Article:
I do not like car chases (neither in movies nor in real life). This is the reason why I never saw those “Fast Furious” franchise films, and have only decided to catch up now that the seventh installment has received such rave reviews. The good thing is: “The Fast and the Furious” has not too many car chases. What it has is cars, and car races, and … what do you call them? Car bunnies? And car tough guys. And it has Vin Diesel, who for all it’s worth is very good at what he’s doing. It also has Paul Walker, who is cute, it has some generic Asian bad guys team on motorbikes, which is a nice add-on, and some it has a nasty FBI guy, which is always a good thing for an action flick.

There is some decent on-street choreography going on, with formation truck jacking and camp but funny camera rides through what I suppose is cgi car machinery.

What is above average is the stomping soundtrack, and the ability of the screenwriters to inject some form of human credibility into Vin Diesel’s character. From what I hear (most recently through the Filmspotting review and their Top 5) is that this is not the highlight of the series, and that’s good to hear. It is not a masterpiece, but I can see how this could evolve into something people looked forward to. So I join in and look forward to … 2 Fast 2 Furious. 1 down, 6 to go…

As was written so often in the reviews: “A deeply satisfying movie experience.” And it’s true. Of course this is all over-the-top nonsense, the way a John Woo film is over-the-top nonsense. Of course this is all a bunch of hyper-choregraphed glorification of violence (in the way a John Woo film is a bunch of hyper-choregraphed glorification of violence). And of course it has some questionable crime mob stereotypes (in the way …  I guess “Taken” is the new gold standard for this).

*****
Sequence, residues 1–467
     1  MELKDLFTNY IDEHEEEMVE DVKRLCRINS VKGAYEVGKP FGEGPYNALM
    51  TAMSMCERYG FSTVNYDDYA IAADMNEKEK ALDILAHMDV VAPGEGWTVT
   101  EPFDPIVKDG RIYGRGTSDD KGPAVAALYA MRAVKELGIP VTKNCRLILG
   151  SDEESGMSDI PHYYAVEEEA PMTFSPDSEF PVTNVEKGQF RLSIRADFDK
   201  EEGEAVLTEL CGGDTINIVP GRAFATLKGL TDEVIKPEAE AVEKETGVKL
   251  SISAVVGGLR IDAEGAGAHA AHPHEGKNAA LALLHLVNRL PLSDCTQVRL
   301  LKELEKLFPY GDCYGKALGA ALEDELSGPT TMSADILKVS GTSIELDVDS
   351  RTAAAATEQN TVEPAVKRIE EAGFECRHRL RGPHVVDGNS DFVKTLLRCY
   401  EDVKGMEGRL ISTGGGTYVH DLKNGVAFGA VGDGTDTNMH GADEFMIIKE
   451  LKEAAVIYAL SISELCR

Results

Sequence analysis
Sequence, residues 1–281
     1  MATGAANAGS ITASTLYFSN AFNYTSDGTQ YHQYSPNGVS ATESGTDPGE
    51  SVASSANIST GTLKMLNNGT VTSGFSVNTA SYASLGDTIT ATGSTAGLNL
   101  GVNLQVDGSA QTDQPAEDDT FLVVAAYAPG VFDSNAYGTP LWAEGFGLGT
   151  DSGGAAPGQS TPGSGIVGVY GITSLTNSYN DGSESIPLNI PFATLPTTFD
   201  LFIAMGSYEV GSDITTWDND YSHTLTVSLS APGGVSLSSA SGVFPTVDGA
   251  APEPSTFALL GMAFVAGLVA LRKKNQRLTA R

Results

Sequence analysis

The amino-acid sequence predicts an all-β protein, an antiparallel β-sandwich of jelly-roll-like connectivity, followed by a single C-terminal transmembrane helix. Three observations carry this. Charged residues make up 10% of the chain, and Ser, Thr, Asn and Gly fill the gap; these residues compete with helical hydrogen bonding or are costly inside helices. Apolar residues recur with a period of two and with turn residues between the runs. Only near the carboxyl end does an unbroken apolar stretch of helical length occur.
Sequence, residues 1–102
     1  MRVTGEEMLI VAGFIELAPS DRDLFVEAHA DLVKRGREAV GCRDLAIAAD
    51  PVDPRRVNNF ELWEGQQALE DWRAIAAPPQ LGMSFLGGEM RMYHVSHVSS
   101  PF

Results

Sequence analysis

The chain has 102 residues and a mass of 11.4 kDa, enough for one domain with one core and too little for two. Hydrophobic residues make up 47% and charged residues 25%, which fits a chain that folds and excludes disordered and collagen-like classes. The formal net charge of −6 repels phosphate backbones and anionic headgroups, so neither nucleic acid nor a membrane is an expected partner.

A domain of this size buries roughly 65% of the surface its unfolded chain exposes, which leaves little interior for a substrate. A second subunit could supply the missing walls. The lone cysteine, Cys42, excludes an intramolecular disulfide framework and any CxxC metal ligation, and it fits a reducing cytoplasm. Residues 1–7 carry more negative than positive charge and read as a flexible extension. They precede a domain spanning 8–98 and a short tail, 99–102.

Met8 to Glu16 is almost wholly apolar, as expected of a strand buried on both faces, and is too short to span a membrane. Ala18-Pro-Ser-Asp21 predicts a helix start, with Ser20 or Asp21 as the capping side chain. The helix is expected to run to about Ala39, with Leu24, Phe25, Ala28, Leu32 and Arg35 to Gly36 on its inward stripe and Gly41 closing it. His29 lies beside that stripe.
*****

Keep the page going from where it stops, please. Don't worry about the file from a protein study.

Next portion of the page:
But it is satisfying, because the good guy has a cause, and the bad guys had it coming. It is full of splendid set pieces (the night club!), joyfully eerie settings (the “Continental Hotel” as a launching pad and socialising hub for assassins), splendid casting (Ian McShane delivering the best sentence of the film: “Your membership at the Continental has been revoked by your own doing”, but also Willem Dafoe! Michael Nyqvist! Lance Reddick! John Leguizamo!). The fact that Keanu Reeves (a not too terrific screen presence in my book) plays John Wick is acceptable, now that Reeves has become a bit more bulky and aged. He looks more on-screen alive than in previous years – I still do not care for him too much, and perceived him to almost be a “no  name actor” choice, which is not a bad thing for the film, as John Wick may well be a prominent assassin (“he is the guy you send to kill the fucking boogeyman”), but in this line of work a certain ability to stay anonymous and invisible is of help.

Despite the inevitable missteps, pacing and story issues (what’s with that killer lady? And is that personal assistant of Viggo just poorly written or poorly played?), this is a great hands-on action film. Well done, and see you at the sequel!